Stainless Steel vs. nonstick: What's the better kitchen tool? What's going to make better food for you? Learning the difference can help you avoid purchasing something that may not be great for what you're making.
Stainless steel is the workhorse of the kitchen. It's made with steel and carbon. It also has chromium to prevent it from rusting. Nonstick pots and pans will have something called Teflon, which is polytetrafluoroethylene (PTFE). This is made from carbon and fluorine atoms. It was created in the 1930s as a nonstick surface. It's perfect for making fried rice, eggs, or other foods that don't stick to the bottom.
This guide explains the difference between stainless steel and nonstick pots and pans. We also look at what the better material is for acidic foods. Knowing the difference can help you avoid choosing one that is not perfect for the food you're making. It can also help you avoid spending more than you need to.
What Is Stainless Steel?
Stainless steel came out nearly a hundred years ago. It was the first stainless steel product designed to avoid rusting because of the chromium. This made it the perfect cooking utensil because it could withstand heating and washing without rusting away. Harry Brearly was the first to invent the stainless kitchenware.
Since the 1920s, stainless steel items have been popular in pots and pans. You'll also find stainless steel items used as surgical tools because they are pure metal that avoids rusting. Additionally, stainless steel items are known for their reliability. If kept clean and maintained, stainless steel pots and pots can last a lifetime.
However, because stainless steel items are not usually nonstick, things can stick to the bottom of pots and pans. One of the best ways to get food stuck to the bottom of a pot or pan is to soak it in water. It can also take a bit of elbow grease to scrub it off after it has been absorbed.
Here's an overview of the pros of stainless steel pots and pans:
- Dishwasher safe.
- Maintains coating over time.
- Oven-safe at high temperatures.
Here are the cons of stainless steel pots and pans:
- It takes a while to clean.
- It is not perfect for cooking eggs or other items that stick to it.
- It requires care and more work if you want to cook something compared to the nonstick.
What Is NonStick?
Nonstick pans are made with Teflon, which helps give the bottom of posts and pans an easy way of cooking something without it sticking to the bottom.
However, it's essential to know that every nonstick pot and pan has limitations. For instance, you typically can't cook with a nonstick pan above 400 degrees. It's also not safe to put it in the oven. You also want to avoid metal items that can scrape and damage the Teflon on the nonstick pots and pans. This could affect the quality of it.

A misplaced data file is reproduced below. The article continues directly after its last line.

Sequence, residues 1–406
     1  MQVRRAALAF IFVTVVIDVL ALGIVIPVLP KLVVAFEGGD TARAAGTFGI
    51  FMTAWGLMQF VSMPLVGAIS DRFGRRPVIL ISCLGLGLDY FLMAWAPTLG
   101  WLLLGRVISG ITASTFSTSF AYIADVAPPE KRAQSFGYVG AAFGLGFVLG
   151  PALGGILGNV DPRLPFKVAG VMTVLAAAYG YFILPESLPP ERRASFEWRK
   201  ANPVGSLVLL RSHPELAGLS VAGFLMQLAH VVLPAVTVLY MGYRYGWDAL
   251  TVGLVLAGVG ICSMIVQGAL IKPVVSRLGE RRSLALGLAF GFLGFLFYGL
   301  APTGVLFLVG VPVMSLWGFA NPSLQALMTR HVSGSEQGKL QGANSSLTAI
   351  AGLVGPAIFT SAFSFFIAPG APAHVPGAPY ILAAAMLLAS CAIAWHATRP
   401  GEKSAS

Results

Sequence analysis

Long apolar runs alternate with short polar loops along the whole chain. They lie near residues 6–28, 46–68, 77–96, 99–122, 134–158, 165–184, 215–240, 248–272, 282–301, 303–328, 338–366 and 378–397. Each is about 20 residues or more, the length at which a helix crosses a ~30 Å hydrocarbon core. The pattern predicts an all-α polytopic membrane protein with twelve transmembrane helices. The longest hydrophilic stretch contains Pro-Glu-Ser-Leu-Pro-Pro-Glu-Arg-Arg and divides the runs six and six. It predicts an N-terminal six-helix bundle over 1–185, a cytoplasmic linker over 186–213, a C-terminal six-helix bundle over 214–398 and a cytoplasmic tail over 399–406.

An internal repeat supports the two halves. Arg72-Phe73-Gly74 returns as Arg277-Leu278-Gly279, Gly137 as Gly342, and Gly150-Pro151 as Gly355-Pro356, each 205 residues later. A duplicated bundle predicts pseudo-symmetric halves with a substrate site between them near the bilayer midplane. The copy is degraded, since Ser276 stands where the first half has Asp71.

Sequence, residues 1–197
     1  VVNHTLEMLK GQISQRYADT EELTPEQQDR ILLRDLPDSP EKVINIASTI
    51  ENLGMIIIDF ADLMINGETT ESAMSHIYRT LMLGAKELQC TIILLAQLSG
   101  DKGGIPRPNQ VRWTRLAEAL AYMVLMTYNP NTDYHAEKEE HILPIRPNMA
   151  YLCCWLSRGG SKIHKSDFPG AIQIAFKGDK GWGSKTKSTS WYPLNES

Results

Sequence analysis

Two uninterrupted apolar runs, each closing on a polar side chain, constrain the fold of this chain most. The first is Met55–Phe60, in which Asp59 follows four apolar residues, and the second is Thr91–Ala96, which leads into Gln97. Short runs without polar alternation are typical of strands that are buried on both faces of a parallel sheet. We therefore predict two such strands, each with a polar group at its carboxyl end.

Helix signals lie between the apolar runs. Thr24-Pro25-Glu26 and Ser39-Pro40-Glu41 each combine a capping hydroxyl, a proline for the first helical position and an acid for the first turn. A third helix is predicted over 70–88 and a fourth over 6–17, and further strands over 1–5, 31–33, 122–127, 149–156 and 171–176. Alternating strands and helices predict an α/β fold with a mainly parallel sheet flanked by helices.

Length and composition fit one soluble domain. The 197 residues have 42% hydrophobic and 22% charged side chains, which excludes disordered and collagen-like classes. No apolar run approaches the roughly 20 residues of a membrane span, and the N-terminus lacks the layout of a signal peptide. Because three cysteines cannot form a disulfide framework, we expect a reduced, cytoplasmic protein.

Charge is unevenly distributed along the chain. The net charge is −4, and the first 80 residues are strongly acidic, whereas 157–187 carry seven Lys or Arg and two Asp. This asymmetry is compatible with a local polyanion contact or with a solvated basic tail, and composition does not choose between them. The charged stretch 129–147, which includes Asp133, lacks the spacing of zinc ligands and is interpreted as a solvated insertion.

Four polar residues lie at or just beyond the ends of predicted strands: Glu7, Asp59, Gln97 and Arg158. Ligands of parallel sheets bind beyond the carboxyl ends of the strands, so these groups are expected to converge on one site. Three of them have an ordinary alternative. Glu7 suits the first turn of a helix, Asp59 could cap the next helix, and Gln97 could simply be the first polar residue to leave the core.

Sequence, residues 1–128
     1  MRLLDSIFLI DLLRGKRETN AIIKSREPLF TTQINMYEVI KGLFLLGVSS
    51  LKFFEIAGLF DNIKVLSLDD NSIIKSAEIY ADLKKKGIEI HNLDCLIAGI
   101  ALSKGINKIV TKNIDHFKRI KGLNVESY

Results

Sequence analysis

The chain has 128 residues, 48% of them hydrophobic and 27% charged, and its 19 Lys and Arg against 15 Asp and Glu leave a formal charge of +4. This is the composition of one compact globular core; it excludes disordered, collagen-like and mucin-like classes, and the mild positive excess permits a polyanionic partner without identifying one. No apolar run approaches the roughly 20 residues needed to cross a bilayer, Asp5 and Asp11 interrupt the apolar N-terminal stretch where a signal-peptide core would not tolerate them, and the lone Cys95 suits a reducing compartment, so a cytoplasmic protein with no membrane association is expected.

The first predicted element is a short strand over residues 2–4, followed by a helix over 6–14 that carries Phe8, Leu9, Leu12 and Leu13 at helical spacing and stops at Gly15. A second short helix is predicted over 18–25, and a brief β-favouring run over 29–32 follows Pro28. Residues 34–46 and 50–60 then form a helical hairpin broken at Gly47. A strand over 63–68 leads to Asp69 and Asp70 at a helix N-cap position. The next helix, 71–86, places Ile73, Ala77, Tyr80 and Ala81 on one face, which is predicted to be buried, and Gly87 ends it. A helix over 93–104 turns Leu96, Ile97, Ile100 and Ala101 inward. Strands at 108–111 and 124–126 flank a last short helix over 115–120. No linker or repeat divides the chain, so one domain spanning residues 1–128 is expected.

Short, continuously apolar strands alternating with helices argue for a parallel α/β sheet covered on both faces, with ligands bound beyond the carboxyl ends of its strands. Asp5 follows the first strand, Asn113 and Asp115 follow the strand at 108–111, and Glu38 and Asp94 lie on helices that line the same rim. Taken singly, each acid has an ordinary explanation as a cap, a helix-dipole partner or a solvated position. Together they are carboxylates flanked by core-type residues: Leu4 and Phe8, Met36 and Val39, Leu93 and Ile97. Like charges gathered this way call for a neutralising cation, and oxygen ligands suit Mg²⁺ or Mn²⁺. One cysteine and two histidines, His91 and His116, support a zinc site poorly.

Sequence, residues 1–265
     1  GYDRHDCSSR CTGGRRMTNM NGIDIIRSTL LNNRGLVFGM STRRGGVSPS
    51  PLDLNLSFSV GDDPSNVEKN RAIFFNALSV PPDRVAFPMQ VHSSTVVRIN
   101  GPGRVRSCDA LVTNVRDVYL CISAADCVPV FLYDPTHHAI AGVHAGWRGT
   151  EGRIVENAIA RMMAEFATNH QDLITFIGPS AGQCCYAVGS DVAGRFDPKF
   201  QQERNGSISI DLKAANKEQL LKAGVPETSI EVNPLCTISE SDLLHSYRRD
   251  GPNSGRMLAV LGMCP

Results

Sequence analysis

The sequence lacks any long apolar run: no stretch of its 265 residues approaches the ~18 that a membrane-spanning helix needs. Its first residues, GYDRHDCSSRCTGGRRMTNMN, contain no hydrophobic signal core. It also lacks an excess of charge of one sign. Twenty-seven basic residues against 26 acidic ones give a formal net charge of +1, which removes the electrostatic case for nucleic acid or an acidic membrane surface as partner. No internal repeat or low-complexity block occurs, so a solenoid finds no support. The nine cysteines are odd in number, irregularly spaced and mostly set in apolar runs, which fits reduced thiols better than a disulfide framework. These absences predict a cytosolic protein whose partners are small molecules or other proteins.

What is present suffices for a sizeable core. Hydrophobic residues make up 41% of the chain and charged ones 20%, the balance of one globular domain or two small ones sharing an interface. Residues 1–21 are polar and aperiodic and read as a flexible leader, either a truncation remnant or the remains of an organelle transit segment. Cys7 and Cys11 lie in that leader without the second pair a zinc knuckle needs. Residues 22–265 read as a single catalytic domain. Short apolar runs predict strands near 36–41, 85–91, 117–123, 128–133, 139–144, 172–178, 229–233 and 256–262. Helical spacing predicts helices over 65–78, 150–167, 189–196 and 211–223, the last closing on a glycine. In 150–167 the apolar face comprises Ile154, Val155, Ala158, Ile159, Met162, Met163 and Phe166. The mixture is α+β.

Here are some of the pros of a nonstick pot or pan:
- Perfect for cooking eggs, chicken, and other potentially sticky foods
- More affordable than stainless steel kitchenware
- Easier to clean than stainless steel kitchenware
Here are some of the cons of a nonstick pot or pan:
- Doesn't last as long as stainless steel kitchenware
- Cannot use metal items to cook with nonstick kitchenware
- Must be careful with using high heat on nonstick kitchenware
Stainless Steel vs. Nonstick: What's Better for Acid Foods?
When it comes to acidic foods, stainless steel kitchenware is the best because it's non-reactive. This means they are great for foods with tomatoes or vinegar. Additionally, they are great with mental cooking items like whisks or spatulas.
While you can use nonstick for acidic foods, it does wear down the Teflon. Cooking with acidic foods consistently on a non-stick pot or pan can eventually reduce the durability of its use.
This is also why stainless steel can sometimes be healthier for you. It doesn't emit toxins like a nonstick might if you scratch it with a metal spoon, fork, or whisk. One of the concerns with nonstick is that if you cook with it above 500 degrees, the Teflon starts to wear down and releases toxins into the air. However, if you cook at a temperature below this, you'll find that nonstick pots and pans work effectively.
Stainless Steel vs. Nonstick: What's Better for the Kitchen?
If you're trying to decide between stainless steel and nonstick, the key is to find out what you enjoy making the most. If you enjoy eating lots of eggs, fish, and vegetables that can sometimes stick to the bottom of a pot or pan, nonstick is the way to go. But if you like the durability of stainless steel kitchenware, you should consider stainless steel. Either way, you'll find that they both do an excellent job of cooking different dishes.
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